Three Tricare health insurance plan options for military members and families would go down to just one under the White House budget proposal for the coming fiscal year.
President Obama's fiscal 2015 budget proposes $135.4 billion for research and development. The Defense Department would receive the largest chunk, about $64.4 billion.
The military says it needs $5.1 billion in appropriations this coming fiscal year to fully support cyberspace operations, of the offensive and defensive variety.
President Obama's fiscal 2015 budget proposal requests $495.6 billion in base funding for the Defense Department. That number includes $147.6 billion for the Navy, $137.7 billion for the Air Force and $120.3 billion for the Army.
"The federal government is not able to demonstrate the reliability of significant portions" of its consolidated financial statements for the last two years, the GAO says in a Feb. 27 report, citing material weaknesses in internal controls.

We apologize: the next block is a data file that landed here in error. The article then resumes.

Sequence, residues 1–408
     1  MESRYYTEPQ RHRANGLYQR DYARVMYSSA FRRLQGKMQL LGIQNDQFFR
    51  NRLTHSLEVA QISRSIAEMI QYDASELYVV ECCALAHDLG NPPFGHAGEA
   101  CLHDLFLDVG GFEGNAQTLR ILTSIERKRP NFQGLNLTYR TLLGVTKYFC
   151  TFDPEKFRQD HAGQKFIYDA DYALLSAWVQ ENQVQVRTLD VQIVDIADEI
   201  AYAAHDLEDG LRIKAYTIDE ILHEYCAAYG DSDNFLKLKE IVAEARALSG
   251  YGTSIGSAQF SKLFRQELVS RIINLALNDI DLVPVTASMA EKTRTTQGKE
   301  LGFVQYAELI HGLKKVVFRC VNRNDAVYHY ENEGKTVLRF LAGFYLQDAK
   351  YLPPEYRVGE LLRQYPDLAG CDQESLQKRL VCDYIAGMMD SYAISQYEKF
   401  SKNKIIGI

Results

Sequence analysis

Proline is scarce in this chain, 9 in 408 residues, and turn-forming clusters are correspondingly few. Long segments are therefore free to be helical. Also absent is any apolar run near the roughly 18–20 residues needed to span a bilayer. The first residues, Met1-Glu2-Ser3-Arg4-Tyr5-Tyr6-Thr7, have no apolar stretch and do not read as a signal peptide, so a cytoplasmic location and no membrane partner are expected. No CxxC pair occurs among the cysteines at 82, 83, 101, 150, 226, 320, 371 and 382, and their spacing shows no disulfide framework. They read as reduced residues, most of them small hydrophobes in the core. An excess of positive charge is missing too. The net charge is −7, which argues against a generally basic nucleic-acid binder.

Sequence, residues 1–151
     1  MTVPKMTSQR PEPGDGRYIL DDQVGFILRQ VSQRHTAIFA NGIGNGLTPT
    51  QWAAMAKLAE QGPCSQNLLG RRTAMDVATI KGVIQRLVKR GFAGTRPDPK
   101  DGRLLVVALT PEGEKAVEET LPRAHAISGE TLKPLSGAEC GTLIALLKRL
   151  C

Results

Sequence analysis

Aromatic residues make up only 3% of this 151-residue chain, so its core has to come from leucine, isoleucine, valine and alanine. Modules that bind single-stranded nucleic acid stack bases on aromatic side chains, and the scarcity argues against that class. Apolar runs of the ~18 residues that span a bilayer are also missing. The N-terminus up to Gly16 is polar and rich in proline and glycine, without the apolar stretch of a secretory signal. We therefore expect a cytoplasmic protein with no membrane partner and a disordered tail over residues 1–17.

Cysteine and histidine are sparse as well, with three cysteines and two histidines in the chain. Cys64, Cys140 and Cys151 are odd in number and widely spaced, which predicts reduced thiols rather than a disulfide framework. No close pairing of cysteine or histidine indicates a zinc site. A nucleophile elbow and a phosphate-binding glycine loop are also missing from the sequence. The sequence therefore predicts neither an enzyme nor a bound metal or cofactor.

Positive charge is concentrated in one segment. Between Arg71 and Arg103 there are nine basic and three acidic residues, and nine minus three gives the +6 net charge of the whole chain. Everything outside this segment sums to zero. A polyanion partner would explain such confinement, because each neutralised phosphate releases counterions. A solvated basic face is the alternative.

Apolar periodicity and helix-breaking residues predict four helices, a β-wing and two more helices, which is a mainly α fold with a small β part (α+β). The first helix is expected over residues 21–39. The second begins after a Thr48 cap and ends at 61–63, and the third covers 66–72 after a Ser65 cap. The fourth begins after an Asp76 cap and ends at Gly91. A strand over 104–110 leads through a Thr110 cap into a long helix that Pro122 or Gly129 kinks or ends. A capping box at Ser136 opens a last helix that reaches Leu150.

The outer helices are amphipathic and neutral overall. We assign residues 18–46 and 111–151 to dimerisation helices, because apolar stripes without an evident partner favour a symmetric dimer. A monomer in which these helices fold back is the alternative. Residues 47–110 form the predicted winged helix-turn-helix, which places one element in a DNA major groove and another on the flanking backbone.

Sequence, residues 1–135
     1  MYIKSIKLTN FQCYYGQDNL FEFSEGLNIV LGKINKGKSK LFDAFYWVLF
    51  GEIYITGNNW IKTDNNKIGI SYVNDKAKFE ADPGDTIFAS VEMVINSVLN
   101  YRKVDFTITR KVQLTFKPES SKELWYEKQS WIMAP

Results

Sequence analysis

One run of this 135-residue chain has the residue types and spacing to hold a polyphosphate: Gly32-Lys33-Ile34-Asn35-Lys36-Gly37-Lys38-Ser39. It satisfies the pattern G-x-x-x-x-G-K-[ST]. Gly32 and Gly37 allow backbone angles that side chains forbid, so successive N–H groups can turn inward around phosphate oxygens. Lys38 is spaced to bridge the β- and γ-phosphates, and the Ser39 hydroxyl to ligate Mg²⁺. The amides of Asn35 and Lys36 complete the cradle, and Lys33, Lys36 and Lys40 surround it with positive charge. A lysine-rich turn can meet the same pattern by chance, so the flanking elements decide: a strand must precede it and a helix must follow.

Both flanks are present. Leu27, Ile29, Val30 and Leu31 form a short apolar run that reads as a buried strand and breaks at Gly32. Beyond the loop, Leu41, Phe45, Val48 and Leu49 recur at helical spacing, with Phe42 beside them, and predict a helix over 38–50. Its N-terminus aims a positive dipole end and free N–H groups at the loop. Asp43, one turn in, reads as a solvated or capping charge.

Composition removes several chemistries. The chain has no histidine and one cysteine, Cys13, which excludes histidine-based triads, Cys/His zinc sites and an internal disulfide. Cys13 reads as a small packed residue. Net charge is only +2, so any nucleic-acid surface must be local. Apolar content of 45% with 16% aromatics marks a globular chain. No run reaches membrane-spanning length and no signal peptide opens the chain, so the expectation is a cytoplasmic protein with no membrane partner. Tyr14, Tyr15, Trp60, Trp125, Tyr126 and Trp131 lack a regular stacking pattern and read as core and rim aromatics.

The federal information technology spending proposal for the coming fiscal year totals $79.1 billion, Federal Chief Information Officer Steven VanRoekel said Tuesday during a call with reporters. It includes $35.4 billion for the Defense Department and $43.7 billion for civilian agencies. As always with OMB calculations about federal IT spending, that figure doesn't account for classified spending.
The departments of Defense and Veterans Affairs lack credibility when they say their separate pursuit of electronic health record systems modernization is cheaper than a single EHR would have been, says the Government Accountability Office. A Feb. 27 report from the legislative watchdog also shows how promises of close cooperation in health IT the two departments made during the termination of a program to develop a joint system have been significantly undermined.
Cyber vulnerabilities in the commercial energy sector have the potential to directly affect military operations even aside from installations' almost near-total reliance on the private sector for electricity, says a security researcher.
Defense Department officials say the Defense Health Agency, which DoD stood up in October 2013 to streamline and centralize the military health system, is already realizing cost savings. But the Government Accountability Office says the department's numbers are fuzzy because it has no clear method for monitoring implementation costs.
The Defense Department isn't always accurate in its contribution to a federal website purporting to catalog major information technology programs, their current status and risk rating, acknowledged a senior Pentagon official.